A double marker test, also known as a dual marker test, is a type of prenatal blood test performed during the first trimester of pregnancy to look for any abnormalities in the baby’s chromosomal development. Such chromosomal anomalies can result in severe health conditions and disorders that can affect the baby’s development within the womb or later in life. The double marker test can help identify the possibility of certain disorders such as Down’s syndrome or Edward’s syndrome in advance. This test is frequently recommended because it is a very reliable test that detects abnormalities quite accurately.

Doctors consider the following factors before prescribing the double marker test: if the woman is over 35 years old, if there is a family history of congenital disabilities, and if there is a family history of diabetes. A double marker test is essentially a blood test that requires no preparation. Prior to taking the test, any medical conditions or allergies must be disclosed to the doctor. You may be asked to stop taking certain medications before the blood test.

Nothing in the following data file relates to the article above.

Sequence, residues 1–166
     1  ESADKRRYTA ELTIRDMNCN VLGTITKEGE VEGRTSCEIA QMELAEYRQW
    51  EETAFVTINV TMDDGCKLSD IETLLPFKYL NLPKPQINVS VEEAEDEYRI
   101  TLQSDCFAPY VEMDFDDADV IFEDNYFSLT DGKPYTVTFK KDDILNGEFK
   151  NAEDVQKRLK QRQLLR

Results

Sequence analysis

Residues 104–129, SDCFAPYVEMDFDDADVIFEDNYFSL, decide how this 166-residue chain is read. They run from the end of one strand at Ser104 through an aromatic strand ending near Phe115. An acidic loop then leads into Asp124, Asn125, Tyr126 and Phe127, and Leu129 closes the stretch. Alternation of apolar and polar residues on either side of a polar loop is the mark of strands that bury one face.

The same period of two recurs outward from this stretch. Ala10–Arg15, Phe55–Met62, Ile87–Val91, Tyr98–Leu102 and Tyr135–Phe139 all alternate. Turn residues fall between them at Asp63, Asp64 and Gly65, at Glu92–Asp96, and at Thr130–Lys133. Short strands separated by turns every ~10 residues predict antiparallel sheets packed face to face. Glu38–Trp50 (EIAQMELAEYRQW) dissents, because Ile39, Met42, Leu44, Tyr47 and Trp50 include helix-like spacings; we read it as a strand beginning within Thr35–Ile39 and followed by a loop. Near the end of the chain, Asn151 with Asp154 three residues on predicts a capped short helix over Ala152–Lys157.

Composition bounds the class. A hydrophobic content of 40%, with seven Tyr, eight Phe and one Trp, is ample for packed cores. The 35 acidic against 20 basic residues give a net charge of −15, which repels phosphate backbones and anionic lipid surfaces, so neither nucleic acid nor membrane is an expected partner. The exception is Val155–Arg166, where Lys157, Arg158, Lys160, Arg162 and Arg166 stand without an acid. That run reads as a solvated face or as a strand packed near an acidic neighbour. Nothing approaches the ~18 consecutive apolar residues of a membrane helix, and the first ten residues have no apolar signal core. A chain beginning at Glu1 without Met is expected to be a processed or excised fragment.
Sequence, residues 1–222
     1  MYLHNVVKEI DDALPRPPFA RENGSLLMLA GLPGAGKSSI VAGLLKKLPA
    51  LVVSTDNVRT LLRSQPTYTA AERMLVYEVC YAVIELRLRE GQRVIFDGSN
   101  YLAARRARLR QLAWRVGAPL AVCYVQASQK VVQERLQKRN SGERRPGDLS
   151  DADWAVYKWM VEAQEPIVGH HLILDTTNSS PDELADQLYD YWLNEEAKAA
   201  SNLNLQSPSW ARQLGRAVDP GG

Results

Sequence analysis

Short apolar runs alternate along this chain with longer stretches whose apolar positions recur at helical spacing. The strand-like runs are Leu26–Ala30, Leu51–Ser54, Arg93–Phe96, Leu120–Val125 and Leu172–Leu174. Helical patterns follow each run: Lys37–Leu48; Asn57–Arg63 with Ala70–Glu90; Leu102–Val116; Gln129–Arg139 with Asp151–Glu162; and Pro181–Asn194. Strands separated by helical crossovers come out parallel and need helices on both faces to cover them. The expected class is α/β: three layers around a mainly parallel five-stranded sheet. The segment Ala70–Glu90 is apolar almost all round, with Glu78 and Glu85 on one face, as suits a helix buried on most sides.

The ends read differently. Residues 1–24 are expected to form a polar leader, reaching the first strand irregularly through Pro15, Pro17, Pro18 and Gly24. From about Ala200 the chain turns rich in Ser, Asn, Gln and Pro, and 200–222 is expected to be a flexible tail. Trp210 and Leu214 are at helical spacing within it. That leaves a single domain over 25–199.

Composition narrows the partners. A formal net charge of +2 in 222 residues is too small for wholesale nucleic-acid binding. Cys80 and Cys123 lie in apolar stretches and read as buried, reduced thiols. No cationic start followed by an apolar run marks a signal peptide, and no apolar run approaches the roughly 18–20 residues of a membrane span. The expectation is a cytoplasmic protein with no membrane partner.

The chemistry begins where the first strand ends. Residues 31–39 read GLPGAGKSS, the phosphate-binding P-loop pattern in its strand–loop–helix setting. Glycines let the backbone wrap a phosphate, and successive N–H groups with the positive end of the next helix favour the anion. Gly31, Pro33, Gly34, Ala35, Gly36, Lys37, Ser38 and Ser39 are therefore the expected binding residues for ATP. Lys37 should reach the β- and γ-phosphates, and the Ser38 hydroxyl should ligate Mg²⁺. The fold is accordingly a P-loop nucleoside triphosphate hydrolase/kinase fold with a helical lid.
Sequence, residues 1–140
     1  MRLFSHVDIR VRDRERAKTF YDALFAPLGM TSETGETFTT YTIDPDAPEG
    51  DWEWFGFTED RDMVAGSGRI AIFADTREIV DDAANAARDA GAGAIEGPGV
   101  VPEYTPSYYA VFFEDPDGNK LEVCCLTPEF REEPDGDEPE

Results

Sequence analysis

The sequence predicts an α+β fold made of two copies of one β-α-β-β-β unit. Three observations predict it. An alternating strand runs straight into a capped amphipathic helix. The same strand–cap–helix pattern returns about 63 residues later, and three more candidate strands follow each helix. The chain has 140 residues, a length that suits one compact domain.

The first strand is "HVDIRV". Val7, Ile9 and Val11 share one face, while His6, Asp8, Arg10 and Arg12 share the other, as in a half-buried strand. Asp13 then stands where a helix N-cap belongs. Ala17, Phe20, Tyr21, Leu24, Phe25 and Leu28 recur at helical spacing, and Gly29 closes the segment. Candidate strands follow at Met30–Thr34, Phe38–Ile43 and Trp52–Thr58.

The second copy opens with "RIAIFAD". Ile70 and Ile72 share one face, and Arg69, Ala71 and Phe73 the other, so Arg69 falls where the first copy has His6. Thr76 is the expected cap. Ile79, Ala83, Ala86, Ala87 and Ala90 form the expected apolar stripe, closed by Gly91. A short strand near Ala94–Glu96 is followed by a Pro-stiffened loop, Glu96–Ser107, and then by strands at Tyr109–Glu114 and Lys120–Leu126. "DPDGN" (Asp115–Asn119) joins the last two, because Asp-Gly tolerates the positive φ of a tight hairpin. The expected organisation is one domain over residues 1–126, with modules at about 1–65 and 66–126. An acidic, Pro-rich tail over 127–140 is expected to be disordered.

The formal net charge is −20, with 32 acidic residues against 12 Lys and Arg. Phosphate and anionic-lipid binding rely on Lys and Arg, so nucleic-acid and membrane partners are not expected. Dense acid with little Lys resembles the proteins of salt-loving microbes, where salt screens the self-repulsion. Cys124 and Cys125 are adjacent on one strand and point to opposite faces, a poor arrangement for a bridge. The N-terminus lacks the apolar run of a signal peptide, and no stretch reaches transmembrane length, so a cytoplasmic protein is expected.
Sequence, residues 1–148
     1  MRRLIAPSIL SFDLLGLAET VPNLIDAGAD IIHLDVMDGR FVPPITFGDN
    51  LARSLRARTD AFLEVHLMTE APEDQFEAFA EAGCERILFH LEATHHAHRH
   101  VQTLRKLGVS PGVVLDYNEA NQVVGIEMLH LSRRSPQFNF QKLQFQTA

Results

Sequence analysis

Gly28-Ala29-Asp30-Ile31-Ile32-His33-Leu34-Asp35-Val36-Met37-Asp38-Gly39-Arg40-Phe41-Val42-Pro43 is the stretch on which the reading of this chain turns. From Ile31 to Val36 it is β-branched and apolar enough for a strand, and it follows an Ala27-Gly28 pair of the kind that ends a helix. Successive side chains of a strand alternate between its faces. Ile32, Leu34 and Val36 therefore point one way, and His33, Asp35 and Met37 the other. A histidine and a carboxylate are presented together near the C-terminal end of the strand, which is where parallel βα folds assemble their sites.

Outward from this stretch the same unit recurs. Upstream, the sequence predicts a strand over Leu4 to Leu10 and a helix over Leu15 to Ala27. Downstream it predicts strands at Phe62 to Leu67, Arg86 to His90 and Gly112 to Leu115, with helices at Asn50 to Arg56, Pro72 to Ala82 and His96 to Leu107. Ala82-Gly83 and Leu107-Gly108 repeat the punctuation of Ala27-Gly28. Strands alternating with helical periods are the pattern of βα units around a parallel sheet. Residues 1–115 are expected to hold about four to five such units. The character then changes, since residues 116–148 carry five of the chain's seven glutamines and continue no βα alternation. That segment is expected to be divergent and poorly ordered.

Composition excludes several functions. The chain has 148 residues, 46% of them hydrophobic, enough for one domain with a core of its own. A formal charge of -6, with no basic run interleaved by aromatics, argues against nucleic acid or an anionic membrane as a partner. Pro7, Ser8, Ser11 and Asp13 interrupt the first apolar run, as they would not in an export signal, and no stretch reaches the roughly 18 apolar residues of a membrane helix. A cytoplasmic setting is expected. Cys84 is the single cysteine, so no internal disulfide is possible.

The ultrasound is used to perform the double marker test, and the results are usually divided into two categories: screen positive and screen negative. The results of the test are determined not only by the blood samples collected but also by the mother’s age and the age of the foetus as determined by the ultrasound. All of these factors interact to determine the outcome. The levels of the hormone free-beta HCG and pregnancy-associated plasma protein A are measured in the blood sample (PAPP-A). The placenta produces this glycoprotein hormone during pregnancy. High levels of free-beta HCG indicate a higher risk of Down’s syndrome, and low protein levels also indicate a risk of Down’s syndrome.